Friday, December 29, 2006

A Festive Verse

We spend alot of time at Oxford thinking about weighty issues and dealing with the deep questions of life. To be honest, after nine weeks of it all, I have had a belly full. Hence, for my Christmas reflection I turn not to the scriptures or to the Church Fathers but instead to the poetry of my eight year old nephew. Verse such as this is surely good for the soul and made me laugh more than I have in ages. There is nothing better than school boy humour and this is it at its very peak. This has been recited repeatedly over the last few days and as the last line is spoken it is always followed by whoops of my nephew's giggles. Enjoy!

The was a young boy from Madras
Whose balls were made of brass
In wintry weather
They both clanged together
And sparks came out of his arse

Where, you ask, does a young poet get such inspiration for his work? I have to confess it is from his now deceased Grandfather who would compose little works of similar genius to entertain us on long car journeys. Here is one of my favorites from his collection.

There was a young man from Australia
Who painted his bum like a dhalia
The penny a smell
Was all very well
But tuppance a lick was a failure

All contribitions welcome.

Christmas Cheer to all.

Saturday, December 23, 2006

Humphrey's on God

John Humphrey, the infamous radio journalist and presenter of the Today programme, has prompted much comment and interest in his new series 'In search of God' on Radio 4. In fact, he says it has caused more of a stir than anything he has done in his career. In it he interviewed various folk, including Rowan Williams and today in the Telegraph (23rd Dec) he reflects on the experience. He is an agnostic and found little in his spiritual quest to convince him otherwise. So much suffering, so little intervention and so much to prove to us the seeming indifference of God affirms his agnostic stance. In the article he remembered one of his first interviews on the Today programme when he tried his best to catch out the then PM, Margaret Thatcher. He asked what she thought the essense of Christianity was expecting her to say 'love' or 'charity' with him then able to pull her up on her causing unemployment or poverty to the miners. The old girl, by his own admission, was too good to fall into his trap. Instead, she snapped back one word: "Choice!" and he says " I hit the canvas". Choice. There you have it. I wonder if D L Moody would be happy with that? Check out the Telegraph website for the full story "What I found out about God".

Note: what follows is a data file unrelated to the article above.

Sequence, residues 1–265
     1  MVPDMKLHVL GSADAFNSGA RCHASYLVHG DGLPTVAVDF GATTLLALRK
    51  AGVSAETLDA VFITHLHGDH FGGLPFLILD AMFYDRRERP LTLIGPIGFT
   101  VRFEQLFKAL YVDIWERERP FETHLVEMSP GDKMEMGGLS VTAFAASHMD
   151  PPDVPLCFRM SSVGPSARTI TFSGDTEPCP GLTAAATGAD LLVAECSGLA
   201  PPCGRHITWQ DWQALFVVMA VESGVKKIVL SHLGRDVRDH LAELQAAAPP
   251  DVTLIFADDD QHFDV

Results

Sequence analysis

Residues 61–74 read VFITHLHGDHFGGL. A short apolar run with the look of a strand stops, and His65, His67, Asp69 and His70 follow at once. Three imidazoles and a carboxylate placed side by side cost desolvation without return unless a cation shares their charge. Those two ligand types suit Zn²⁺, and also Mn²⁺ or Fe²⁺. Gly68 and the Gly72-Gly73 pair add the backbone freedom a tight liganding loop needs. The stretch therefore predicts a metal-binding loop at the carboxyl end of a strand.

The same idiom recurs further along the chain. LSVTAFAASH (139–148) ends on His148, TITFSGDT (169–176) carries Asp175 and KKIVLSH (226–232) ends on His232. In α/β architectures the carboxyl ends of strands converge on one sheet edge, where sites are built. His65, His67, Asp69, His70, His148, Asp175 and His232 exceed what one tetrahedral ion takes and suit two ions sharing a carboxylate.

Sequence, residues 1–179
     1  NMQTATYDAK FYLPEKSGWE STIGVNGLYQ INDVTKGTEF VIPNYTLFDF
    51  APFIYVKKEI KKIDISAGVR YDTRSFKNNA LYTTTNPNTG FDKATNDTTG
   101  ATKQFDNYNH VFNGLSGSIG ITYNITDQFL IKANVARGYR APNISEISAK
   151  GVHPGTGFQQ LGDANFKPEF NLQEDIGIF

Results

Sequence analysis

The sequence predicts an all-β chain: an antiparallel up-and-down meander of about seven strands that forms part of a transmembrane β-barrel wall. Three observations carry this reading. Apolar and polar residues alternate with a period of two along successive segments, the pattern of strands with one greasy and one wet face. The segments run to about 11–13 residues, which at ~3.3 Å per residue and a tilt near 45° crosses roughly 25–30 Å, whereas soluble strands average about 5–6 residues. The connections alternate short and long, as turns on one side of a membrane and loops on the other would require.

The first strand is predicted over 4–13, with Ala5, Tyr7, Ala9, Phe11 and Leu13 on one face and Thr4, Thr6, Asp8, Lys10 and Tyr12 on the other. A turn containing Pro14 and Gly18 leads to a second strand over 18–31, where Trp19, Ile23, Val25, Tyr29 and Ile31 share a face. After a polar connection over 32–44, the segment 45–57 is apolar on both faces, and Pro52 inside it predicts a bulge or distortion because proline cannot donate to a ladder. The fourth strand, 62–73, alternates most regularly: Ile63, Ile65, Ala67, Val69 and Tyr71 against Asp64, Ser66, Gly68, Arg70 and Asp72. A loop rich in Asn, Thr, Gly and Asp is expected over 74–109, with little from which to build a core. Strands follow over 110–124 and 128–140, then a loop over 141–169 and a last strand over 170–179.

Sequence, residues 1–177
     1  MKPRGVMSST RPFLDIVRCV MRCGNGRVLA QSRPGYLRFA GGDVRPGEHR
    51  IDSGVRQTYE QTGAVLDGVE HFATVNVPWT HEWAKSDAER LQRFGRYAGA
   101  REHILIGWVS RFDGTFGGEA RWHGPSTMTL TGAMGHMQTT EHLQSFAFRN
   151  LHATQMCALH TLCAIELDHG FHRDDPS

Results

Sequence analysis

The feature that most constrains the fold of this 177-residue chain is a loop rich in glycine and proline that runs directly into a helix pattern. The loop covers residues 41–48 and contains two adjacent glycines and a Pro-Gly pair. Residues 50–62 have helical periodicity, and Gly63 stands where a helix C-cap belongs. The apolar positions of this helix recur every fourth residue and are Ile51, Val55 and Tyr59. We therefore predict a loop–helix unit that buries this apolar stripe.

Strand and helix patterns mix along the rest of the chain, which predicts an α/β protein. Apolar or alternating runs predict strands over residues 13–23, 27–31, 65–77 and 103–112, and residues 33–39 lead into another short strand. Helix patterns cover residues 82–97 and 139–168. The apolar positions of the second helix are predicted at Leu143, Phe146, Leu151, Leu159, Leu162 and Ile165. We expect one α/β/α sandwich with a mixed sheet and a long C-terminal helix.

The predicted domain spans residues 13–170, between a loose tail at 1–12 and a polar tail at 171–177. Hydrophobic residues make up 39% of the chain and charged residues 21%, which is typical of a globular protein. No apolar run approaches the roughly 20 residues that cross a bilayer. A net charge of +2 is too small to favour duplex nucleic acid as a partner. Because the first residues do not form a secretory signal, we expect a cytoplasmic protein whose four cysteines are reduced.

Friday, December 01, 2006

Christianity in One Word

D.L Moody the famous 19th Century American evangelist was once asked to sum up the Christain faith in one word. What do you suppose he said? Actually, if you were asked this same question what would you say? It's tricky when you are only allowed one word, particularly when brevity is not your strongest card as in my case.

I have been sorting out the Trinity this week. I stand in a long line of theologians down the ages who have sought to explain our three in one God and I am confident that in 2500 words I should finally get it all sorted out. Gregory, Augustine, Barth, Rahner and then at last Cookie comes to town with the answer. Phew! Sadly I fear this may not be so. I had tea this week with a wise retired Vicar who told me that pretty much every illustration of the Trinity is heresy and if he were setting an exam question he might take the various illustrations ( ice, the architect, the electric fire, egg, the shamrock etc) and ask students to demonstrate where the heresy lies.

The only thing I have been able to fathom is that my God is a God of relationship and relationship cannot be a solitary thing. Trinity is about relationship and we need someone else for relationship. C. S Lewis tells of the death his lifelong friend Charles Williams. They had been part of a drinking and thinking club that met regularly for beer and conversation in the Eagle and Child in Oxford with Tolkein as their third member. Lewis expected to have more of Tolkein once Williams was no longer with them but somehow he found he had less. He writes:

'In each of my friends there is something that only some other friend can fully bring out. By myself I am not large enough to call the whole man into activity; I want other lights than my own to show all his facets. Now that Charles is dead, I shall never again see Ronald's reaction to a specifically Caroline joke. Far from having more of Ronald, having him 'to myself' now that Charles is away, I have less of Ronald. Hence true friendship is the least jealous of loves. Two friends delight to be joined by a third , and three by a fourth, if only the newcomer is qualified to become a real friend'

Trinity allows us the opportunity to get caught up in the actions of God. Brian McClaren uses an expression I like, 'falling into God' , and perhaps that is what Lewis is hinting at. 'Three by a fourth' but only if we qualify as a real friend. Friends with God now that would be a thing wouldn't it(John 15:15)? So perhaps Trinty allows us, by grace, to join in with what God is up to. Each of us a fourth to God's three. And the real friend to us is Jesus hanging on the cross inviting us in, beckoning all to come, to join and to see.

Do you want to know what D L Moody's word was? 'Others'. Now I think about it, that works rather well as word to sum up the Trinity. Thank you Dwight.

Saturday blog-sweep

 Some interesting books for pastors The State we're in Attack at dawn Joseph Scriven Joy comes with the morning When small is beautiful